When asked about the difference in how to approach the race, Knaus replied, "It's different for sure, we're going into an event that we haven't had to really race at, so that's a little unique for us since in years we haven't had to get after it that hard there. From that respect it's a little different."

He also added, "But ultimately it's no different than what we do week in and week out, so it's not anything out of the ordinary. We have to go to Homestead and we have to put every foot forward to sit on the pole and win the race, and that's no different than what we do if we go to Atlanta or Pocono or Michigan or wherever it is. So we don't have any more pressure on us than to do what it is that we need to do, and that is compete as be as fast as we possibly can."

Knaus actually feels like there is very little pressure on his team, and that it is the No. 11 team that has all the pressure. He said, "The pressure therein lies on the guys on the 11 because they're in a protective situation where they have to be cognizant of what we're doing and aware of what the 29 car is doing. For us it's really pretty simple. We just have to go down there and go fast."

And unlike the approach that Gil Martin and the No. 29 team are taking, Knaus said he isn't going to be paying attention to what the other two championship contending teams are doing.

He said, "We don't care. That's the 11 car's job to be worried about us and the No. 29. As far as us, it's really irrelevant. We have to go down there and get the best finish that we can and let it play out as it may. We can't go into a protective zone and say, okay, we're just going to ride fifth and they're going to ride seventh. That's not how it's going to work. It's not going to be that simple for us. We're going to have to go out there and compete and not worry about them."

Finally, it was Mike Ford, crew chief for championship Denny Hamlin, to take the floor. The first topic of discussion for Ford was this weekend's race strategy and protecting their lead in the points.

"If you're in a position to where you can run in front of the 48 and the 29, then you'll do that. But you won't take chances if you are in that situation to be able to outrun those guys. You may not take the chances to win the race that you normally would," said Ford.

He also added, "It's a very difficult balance. You have to be smart in that situation and not take chances that you don't have to take. We don't feel like we have to go win the race."

Ford was then asked further about strategy, and if what the other two teams were doing, would have any impact on how things play out for his team. He answered, "Well, you're going to have to play that as you go."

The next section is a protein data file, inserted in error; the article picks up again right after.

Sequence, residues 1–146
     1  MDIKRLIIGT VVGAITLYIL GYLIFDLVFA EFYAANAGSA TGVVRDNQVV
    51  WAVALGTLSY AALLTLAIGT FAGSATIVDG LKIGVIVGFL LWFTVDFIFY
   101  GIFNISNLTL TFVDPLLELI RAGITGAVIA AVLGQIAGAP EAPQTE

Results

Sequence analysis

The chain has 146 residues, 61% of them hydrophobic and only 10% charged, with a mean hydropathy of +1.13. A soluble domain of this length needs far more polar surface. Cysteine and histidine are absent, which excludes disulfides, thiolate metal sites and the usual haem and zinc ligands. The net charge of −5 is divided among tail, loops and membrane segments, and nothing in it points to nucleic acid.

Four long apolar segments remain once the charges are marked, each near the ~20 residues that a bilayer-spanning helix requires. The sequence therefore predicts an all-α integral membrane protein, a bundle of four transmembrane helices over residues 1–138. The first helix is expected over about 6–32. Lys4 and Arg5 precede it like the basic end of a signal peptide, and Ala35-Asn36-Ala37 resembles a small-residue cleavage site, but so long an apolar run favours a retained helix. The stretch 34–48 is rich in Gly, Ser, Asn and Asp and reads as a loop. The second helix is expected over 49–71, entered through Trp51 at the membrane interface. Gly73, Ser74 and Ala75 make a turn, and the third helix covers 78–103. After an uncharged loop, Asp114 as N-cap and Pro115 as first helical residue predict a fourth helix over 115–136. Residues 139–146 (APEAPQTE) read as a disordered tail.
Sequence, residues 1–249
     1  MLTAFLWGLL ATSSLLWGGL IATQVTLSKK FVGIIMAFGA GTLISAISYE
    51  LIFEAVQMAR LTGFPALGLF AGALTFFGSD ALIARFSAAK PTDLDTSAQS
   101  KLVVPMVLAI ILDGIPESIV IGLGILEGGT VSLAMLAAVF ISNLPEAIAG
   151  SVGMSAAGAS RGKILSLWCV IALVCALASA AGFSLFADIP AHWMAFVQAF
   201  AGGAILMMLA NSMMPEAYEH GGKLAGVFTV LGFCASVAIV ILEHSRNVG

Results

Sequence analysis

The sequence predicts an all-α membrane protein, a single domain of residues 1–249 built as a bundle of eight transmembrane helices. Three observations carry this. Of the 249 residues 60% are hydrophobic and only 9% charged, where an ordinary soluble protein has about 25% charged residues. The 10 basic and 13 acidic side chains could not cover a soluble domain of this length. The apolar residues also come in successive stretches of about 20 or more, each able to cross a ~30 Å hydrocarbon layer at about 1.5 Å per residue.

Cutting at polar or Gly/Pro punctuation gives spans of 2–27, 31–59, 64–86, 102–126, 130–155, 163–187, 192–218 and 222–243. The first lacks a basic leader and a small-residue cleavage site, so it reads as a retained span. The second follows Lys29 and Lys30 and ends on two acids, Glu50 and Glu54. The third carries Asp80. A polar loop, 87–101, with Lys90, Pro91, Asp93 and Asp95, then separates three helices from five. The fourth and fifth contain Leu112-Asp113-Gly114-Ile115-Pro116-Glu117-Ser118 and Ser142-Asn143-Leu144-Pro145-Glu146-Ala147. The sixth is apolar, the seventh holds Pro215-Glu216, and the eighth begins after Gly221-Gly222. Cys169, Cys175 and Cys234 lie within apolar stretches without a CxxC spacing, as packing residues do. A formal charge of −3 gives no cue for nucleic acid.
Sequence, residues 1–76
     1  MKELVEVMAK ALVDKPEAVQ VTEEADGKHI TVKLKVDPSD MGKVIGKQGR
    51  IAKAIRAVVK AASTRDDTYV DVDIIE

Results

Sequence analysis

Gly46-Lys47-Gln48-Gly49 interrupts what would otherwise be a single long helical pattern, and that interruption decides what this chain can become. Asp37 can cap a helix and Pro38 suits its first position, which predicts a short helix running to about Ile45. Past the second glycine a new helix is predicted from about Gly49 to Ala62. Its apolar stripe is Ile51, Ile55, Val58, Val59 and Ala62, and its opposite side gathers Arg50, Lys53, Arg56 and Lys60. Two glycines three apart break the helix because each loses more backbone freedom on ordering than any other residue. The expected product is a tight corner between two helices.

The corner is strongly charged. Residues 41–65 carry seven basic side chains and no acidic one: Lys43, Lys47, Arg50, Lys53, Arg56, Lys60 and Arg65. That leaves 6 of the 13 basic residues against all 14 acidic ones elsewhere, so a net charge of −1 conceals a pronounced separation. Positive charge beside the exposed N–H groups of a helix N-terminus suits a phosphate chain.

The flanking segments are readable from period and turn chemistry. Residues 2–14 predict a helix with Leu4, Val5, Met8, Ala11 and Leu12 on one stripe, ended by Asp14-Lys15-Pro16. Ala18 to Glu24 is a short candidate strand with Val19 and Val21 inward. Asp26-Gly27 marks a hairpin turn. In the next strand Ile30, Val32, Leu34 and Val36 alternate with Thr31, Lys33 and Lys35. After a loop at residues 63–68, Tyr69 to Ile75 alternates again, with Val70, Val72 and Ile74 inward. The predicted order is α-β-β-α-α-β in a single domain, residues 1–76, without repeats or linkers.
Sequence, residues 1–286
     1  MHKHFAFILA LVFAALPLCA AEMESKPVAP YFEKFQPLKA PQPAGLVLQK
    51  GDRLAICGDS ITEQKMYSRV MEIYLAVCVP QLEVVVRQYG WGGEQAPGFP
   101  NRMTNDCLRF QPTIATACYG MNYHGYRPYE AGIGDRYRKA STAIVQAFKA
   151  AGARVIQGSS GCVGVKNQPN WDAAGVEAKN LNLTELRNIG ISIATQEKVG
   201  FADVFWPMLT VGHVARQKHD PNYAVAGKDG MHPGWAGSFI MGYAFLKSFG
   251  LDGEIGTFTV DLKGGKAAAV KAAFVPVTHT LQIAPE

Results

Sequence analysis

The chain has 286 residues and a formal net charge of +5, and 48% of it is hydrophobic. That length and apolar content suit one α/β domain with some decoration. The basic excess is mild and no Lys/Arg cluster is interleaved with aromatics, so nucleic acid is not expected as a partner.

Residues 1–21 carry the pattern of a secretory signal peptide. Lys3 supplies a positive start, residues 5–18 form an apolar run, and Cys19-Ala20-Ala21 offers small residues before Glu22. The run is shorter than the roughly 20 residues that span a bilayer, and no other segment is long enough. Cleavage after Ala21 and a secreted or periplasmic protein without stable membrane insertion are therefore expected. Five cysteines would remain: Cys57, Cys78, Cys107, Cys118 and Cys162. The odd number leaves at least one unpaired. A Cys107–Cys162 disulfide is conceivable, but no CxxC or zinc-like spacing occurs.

Continuing on, he said "We've got to make sure that we don't do anything stupid. If we don't have to go win the race, then don't take chances to do that. Don't make mistakes that take yourself out of contention at the end of the day. I won't say that you can play defense in this situation because you're not sitting on a huge lead. So you just have to be open-ended and paying attention to what others are doing and don't let them get anything over on you."

Ford was asked what qualities he thinks his driver excels at more than either of his two main rivals. Ford knew the answer almost immediately.

"I think Denny's strong suit in the car this year has been that he stays calm. He stays calm and works through issues. I think that's what Denny has really come to do well this year.  I don't know that he learned that from Jimmie, but I think he saw that as the right thing to do. It's very difficult to do when you're an emotional person," said Ford.

He also added, "So I think toe to toe if you are drawing a comparison between the 48 and the 11, it's almost in my opinion a mirror of the two, just we're on the up cycle of it right now."

And when comparing Hamlin to Harvick: "I think Denny stays calm in the car more than Kevin does. I think they're very aggressive. I think they find a way to sneak something out at the end of the day." he went on to add, " So strong suit for us I think Denny stays calmer. Strong suit for them is I think they'll take chances and make it work."

Ford was able to continue on with high praise for Hamlin. He said, "Denny is a competitor. He's very smart in the race car. He knows what he's looking for. He knows how to call races. He watches these races back, he studies them, he asks a lot of questions."

The final point that Ford made was stressing the importance of good communication between himself and his driver. "Your conversation during the races is—it's different each week. That sounds strange, but a lot of it depends on where we're at, how we're running, and I know just in knowing Denny, when he's got a shot and he's got a good car, he talks more than he does when he's having to work. When he's frustrated, he doesn't say much. That makes me prod him a little more," said Ford.

He went on by saying, "When he has a good race car, he delivers information without having to ask because I think in his mind he realizes, hey, I'm really close here. All I need is a little bit. So when he offers up information, the changes that I make are smaller. When I have to dig for information, I make larger adjustments. That's part of knowing your driver."

So, as we approach the season finale, and a championship is within reach for three teams, it is clear that each of these crew chiefs are aligned with the driver who they think has what it takes to win the championship, and each crew chief is as prepared as he possibly can be for what is the biggest race of their respective careers.

While all the focus will be on which driver can drive his way in to the history books, the championship fates for Hamlin, Johnson and Harvick may actually be out of their hands, and in the hands of three of the best crew chiefs currently in the sport.